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Virginia Attorney General Finds More Roving Gun-Free Zones

Monday, September 20, 2021

Virginia Attorney General Finds More Roving Gun-Free Zones

The Virginia state government’s attacks on law-abiding gun owners continue apace. On September 1, Attorney General Mark R. Herring (D) used his position to offer an expansive interpretation of statute that will create a confusing patchwork of gun-free zones throughout the Commonwealth. Herring’s actions are an important reminder that gun rights supporters need to be cognizant not only of the plain reading of proposed statutes, but also how their language might be perverted by anti-gun political officials.

Earlier this year, the Virginia General Assembly passed and Governor Ralph Northam (D) signed HB 2081. The legislation altered VA Code Ann. § 24.2-604 to make it a crime “to knowingly possess any firearm… within 40 feet of any building, or part thereof, used as a polling place.” Violating this provision is a Class 1 misdemeanor punishable by up to a year imprisonment, up to a $2,500 fine, or both.

A reasonable person might read the new § 24.2-604 and take care not to exercise their Right-to-Carry while voting or near the local voting precincts on election day. However, by Herring’s lights, the new prohibition is far broader in both space and time.

The attorney general was asked the following by an Albemarle County election official. (Albemarle is the county surrounding the city of Charlottesville, which is home to the University of Virginia.)

[D]uring ‘early voting,’ prior to the date of a general, special, or primary election, are central absentee voter precincts, voter satellite offices, and offices of general registrars ‘polling places,’ and thus subject to the firearm prohibition?

Never one to pass up an opportunity to curtail the rights of law-abiding gun owners, Herring responded,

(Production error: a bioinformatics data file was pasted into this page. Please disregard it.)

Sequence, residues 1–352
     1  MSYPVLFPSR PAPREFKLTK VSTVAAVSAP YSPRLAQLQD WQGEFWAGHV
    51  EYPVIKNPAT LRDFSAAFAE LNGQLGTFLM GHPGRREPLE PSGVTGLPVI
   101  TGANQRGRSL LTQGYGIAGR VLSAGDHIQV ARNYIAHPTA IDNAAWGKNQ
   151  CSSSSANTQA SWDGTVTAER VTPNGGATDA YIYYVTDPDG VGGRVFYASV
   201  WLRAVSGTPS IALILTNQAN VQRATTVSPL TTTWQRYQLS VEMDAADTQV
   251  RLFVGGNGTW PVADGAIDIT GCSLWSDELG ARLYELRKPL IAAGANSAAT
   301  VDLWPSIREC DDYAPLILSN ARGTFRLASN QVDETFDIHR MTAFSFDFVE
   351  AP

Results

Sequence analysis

It is my opinion that firearms are prohibited at central absentee voter precincts, voter satellite offices, and offices of general registrars where they are the designated locations for early voting in the locality, in the same way that firearms are prohibited at polling places when the polls are open on Election Day.

Moreover, Herring made clear that the prohibition “applies to the 40-foot boundary around the portion of the building being used as a polling place, including any entrances and exits,” but not necessarily the entire building.

Early voting in Virginia starts 45 days prior to election day. Early and absentee voting locations are often peppered throughout a jurisdiction and can change from election to election. As Virginia has off-off-year state elections, the Commonwealth’s law-abiding gun owners will be forced to navigate around a confusing patchwork of shifting gun-free zones for at least a month-and-a-half every year starting in mid-September.

Contrary to Herring’s view, the language of § 24.2-604 contemplates its prohibited activities applying to an “election day.” Consider subsection (E), which states, “This section shall not be construed to prohibit a candidate from entering any polling place on the day of the election to vote, or to visit a polling place for no longer than 10 minutes per polling place per election day…”

As with so much government regulation, HB 2081 and the expansive attorney general’s opinion are completely unnecessary to protect Virginia voters.

VA Code Ann. § 24.2-607 already makes it “unlawful for any person to hinder, intimidate, or interfere with any qualified voter so as to prevent the voter from casting a secret ballot.” A violation of this statute is punishable in the same manner as the new firearm prohibition – as a Class 1 misdemeanor. If a criminal were to commit politically-motivated violence at a polling place they could also potentially face charges under Virginia’s terrorism statute (VA Code Ann. § 18.2-46.5) in addition to the underlying offense.

Further, the legislation and Herring’s creative interpretation weren’t even necessary for the hoplophobic portions of the Commonwealth to restrict firearms in early voting locations. Enacted in 2020, HB421/SB35 weakened Virginia’s longstanding state firearms preemption law to grant localities the power to create gun free zones “in any building, or part thereof, owned or used by such locality, or by any authority or local governmental entity created or controlled by the locality, for governmental purposes.”

Given the pre-2021 statutes that could be brought to bear on this matter, it’s clear these new restrictions aren’t about public safety. These measures are about politicians indulging their ugly political and cultural prejudices by further discouraging law-abiding gun owners from exercising their Right-to-Carry in the Commonwealth.

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